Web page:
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Extract from Genetics Online 4th June 2002

Scientists at the Wisconsin State Laboratory of Hygiene were shocked to discover the second known case of Iconic Assimilation Syndrome (IAS) when they discovered that one of the chromosomes taken from a 7 year old female human subject was in fact a silhouette of Mickey Mouse. IAS or Kyoto Syndrome was first discovered by Japanese scientists in 1998 working on chromosome karyotyping at Kyoto University. The chromosome in question was found to perfectly match the Macdonalds 'M' logo.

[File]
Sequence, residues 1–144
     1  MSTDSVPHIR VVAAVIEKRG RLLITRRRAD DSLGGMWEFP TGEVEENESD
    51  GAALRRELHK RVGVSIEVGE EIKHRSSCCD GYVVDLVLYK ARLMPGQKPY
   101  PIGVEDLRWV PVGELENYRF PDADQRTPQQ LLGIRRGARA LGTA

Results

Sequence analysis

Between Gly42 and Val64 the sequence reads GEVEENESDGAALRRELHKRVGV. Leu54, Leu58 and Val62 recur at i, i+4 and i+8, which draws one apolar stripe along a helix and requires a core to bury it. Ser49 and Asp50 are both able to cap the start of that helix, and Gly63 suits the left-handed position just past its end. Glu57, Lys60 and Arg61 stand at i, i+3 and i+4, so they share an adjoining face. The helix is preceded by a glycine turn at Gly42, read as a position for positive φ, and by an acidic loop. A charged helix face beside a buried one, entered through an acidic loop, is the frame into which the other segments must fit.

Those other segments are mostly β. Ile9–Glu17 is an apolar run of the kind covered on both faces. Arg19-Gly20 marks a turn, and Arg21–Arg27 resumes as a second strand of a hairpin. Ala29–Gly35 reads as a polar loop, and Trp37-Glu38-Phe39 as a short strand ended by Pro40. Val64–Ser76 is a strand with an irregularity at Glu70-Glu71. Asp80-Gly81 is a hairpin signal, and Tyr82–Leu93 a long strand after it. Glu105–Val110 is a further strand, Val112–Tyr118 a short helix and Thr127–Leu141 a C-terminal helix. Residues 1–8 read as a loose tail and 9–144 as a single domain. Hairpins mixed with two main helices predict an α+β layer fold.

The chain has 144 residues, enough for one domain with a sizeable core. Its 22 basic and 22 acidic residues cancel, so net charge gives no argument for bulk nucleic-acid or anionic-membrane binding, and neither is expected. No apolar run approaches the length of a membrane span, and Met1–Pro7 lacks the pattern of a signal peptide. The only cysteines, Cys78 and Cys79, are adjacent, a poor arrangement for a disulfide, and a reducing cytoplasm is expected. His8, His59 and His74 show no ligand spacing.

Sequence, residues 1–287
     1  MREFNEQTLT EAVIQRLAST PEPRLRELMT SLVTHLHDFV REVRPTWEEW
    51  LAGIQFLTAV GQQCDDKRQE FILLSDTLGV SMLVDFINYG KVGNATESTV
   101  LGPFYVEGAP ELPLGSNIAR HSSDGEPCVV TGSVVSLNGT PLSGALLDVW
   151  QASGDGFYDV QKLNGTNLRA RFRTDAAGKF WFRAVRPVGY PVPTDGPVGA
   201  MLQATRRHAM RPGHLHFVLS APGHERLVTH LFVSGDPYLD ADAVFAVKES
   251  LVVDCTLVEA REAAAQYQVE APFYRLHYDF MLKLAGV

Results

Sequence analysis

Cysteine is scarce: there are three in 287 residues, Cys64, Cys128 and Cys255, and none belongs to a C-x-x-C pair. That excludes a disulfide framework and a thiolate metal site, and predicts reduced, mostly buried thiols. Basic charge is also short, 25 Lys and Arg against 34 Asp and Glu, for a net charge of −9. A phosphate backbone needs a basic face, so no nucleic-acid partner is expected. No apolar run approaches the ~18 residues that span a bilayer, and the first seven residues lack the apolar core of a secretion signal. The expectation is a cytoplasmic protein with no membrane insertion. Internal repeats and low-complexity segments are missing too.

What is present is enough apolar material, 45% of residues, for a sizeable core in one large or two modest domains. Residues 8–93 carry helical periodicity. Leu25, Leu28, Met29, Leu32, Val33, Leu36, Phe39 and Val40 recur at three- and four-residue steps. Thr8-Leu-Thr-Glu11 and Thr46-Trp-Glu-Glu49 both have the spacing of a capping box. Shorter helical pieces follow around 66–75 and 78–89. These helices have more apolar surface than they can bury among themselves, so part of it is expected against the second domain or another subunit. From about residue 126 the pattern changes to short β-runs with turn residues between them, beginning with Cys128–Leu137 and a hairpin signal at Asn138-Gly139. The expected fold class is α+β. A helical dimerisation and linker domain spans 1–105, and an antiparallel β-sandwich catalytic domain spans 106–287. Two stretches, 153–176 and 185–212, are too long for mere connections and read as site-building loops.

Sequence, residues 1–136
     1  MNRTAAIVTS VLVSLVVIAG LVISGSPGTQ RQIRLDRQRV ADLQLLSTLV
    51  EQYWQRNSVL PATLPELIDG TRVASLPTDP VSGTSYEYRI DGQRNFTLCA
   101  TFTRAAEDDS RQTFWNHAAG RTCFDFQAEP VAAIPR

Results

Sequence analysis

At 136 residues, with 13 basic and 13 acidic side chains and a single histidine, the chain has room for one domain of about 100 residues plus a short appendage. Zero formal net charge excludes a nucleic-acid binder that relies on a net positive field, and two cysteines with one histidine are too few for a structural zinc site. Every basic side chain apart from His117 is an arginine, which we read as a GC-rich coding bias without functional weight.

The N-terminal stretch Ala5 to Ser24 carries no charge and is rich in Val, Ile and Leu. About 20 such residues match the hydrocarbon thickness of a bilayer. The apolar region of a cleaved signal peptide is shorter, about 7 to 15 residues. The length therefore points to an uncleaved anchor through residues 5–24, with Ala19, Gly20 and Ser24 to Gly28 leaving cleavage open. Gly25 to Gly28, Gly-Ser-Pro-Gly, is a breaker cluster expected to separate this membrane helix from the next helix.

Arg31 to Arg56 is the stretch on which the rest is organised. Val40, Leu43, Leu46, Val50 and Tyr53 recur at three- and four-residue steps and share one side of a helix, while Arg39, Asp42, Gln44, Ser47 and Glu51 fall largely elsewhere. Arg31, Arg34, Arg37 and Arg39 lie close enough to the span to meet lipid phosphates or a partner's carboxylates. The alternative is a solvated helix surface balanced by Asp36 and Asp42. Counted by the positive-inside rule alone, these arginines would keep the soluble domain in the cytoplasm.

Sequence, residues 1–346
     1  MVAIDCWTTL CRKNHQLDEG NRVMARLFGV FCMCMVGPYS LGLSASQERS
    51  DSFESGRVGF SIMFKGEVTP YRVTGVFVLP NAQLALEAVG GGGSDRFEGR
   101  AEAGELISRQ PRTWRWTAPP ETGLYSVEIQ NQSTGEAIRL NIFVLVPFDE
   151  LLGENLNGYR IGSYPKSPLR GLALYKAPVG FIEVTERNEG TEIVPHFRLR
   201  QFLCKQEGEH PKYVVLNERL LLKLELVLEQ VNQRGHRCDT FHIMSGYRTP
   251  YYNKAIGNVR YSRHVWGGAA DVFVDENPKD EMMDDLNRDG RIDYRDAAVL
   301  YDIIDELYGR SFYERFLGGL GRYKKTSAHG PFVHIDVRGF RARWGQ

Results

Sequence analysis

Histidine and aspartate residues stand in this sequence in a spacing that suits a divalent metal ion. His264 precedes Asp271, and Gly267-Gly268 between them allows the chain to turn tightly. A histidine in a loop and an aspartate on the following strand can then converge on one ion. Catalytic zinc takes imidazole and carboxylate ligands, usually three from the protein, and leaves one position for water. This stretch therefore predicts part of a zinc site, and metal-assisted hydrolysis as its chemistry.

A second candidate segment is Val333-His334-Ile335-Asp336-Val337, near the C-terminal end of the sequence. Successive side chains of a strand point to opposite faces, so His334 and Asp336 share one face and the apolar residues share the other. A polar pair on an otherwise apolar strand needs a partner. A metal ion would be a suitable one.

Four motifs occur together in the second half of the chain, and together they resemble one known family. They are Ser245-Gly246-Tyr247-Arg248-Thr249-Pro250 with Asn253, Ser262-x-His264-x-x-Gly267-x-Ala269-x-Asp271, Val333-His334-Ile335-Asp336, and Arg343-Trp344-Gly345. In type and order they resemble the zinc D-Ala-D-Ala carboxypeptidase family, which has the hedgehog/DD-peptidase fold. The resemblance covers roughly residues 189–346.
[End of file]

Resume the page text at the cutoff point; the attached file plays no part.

Speculation as to how visual icons are being assimilated into genetic material range from the genetic modification of foodstuffs to low level massively repeating pattern recognition in the visual cortex of parents. With only 2 reported cases, the theories remain highly speculative.
Whilst company lawyers investigate legal issues in regards ownership of the discovered chromosomes and issues of copyright and use of company trademarked properties, there are unconfirmed reports of a department of health / FDA investigation.

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